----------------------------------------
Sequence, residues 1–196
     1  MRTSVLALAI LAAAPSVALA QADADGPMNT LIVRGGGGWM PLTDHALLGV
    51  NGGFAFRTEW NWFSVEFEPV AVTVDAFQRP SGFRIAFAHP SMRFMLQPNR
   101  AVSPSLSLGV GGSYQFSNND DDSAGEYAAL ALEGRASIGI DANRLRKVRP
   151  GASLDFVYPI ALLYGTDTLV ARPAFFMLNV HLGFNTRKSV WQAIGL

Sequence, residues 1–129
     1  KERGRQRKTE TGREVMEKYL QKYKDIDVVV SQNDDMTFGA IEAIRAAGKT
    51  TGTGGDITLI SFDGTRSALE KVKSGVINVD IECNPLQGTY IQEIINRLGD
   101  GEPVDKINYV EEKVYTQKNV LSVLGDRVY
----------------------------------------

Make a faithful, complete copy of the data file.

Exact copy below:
Sequence, residues 1–196
     1  MRTSVLALAI LAAAPSVALA QADADGPMNT LIVRGGGGWM PLTDHALLGV
    51  NGGFAFRTEW NWFSVEFEPV AVTVDAFQRP SGFRIAFAHP SMRFMLQPNR
   101  AVSPSLSLGV GGSYQFSNND DDSAGEYAAL ALEGRASIGI DANRLRKVRP
   151  GASLDFVYPI ALLYGTDTLV ARPAFFMLNV HLGFNTRKSV WQAIGL

Sequence, residues 1–129
     1  KERGRQRKTE TGREVMEKYL QKYKDIDVVV SQNDDMTFGA IEAIRAAGKT
    51  TGTGGDITLI SFDGTRSALE KVKSGVINVD IECNPLQGTY IQEIINRLGD
   101  GEPVDKINYV EEKVYTQKNV LSVLGDRVY